As Marc mentioned, the primary key is a logical construct and doesn't by itself indicate the clustering key. I won't repeat that info in my answer here, but if you want a deeper explanation of the differences between the structures behind clustered and non-clustered indexes, I have a video here which may be helpful for you.
Now, it's entirely possible for the missing index DMVs to (correctly) tell you that an additional index on the primary key column alone is something that could have helped a query. Why?
If a query needs to scan all the PK column values in the table (and only that), it's more (perhaps much more) expensive to scan either the clustered index or another non-clustered index to get that information. A narrow index that only contains the PK column would be more efficient than that, particularly if there's a merge join involved where the key order is being exploited.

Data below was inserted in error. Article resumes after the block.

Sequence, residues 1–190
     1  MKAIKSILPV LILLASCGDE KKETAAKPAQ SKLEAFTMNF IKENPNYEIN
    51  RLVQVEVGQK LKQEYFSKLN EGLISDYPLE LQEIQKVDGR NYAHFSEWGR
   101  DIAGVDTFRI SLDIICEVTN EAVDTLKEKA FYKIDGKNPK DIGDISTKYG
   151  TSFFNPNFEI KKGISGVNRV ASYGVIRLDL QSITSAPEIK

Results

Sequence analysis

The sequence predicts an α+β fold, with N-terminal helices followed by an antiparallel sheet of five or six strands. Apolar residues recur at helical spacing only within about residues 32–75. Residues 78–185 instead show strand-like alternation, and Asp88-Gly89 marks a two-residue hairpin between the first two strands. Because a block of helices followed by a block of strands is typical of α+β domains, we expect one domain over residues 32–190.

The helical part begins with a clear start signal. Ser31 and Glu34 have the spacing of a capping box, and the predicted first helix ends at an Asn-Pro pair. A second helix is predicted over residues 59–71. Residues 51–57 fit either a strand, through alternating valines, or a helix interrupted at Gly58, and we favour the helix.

And so the missing index algorithm kicks in and suggests that the narrower index on only the column(s) it needs would be helpful.
The course of action to resolve the suggestion is dependent on the queries that are running and what other indexes you have, and getting into that is beyond the scope of this question, so I'll leave it there.
Where the missing index DMVs aren't so helpful is when it suggests slightly narrower indexes that match indexes you already have. It's also known in some cases to incorrectly suggest exact duplicates of indexes that already exist. For these reasons, you're right to filter the DMV output through your own brain and judgement instead of automatically creating the indexes it suggests.